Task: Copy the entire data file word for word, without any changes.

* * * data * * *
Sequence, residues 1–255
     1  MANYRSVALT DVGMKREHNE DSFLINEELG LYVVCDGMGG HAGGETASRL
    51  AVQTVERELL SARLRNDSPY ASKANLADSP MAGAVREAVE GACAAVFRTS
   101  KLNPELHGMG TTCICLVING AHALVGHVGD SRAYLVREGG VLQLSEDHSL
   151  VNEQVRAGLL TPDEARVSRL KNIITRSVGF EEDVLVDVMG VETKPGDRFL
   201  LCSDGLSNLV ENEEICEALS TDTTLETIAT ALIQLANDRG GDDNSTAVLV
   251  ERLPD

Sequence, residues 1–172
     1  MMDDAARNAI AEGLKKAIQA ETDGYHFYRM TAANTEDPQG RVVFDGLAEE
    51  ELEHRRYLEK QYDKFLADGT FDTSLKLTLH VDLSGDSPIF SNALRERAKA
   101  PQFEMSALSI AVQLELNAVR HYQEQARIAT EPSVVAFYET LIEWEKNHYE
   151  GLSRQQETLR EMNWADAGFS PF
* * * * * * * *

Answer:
Sequence, residues 1–255
     1  MANYRSVALT DVGMKREHNE DSFLINEELG LYVVCDGMGG HAGGETASRL
    51  AVQTVERELL SARLRNDSPY ASKANLADSP MAGAVREAVE GACAAVFRTS
   101  KLNPELHGMG TTCICLVING AHALVGHVGD SRAYLVREGG VLQLSEDHSL
   151  VNEQVRAGLL TPDEARVSRL KNIITRSVGF EEDVLVDVMG VETKPGDRFL
   201  LCSDGLSNLV ENEEICEALS TDTTLETIAT ALIQLANDRG GDDNSTAVLV
   251  ERLPD

Sequence, residues 1–172
     1  MMDDAARNAI AEGLKKAIQA ETDGYHFYRM TAANTEDPQG RVVFDGLAEE
    51  ELEHRRYLEK QYDKFLADGT FDTSLKLTLH VDLSGDSPIF SNALRERAKA
   101  PQFEMSALSI AVQLELNAVR HYQEQARIAT EPSVVAFYET LIEWEKNHYE
   151  GLSRQQETLR EMNWADAGFS PF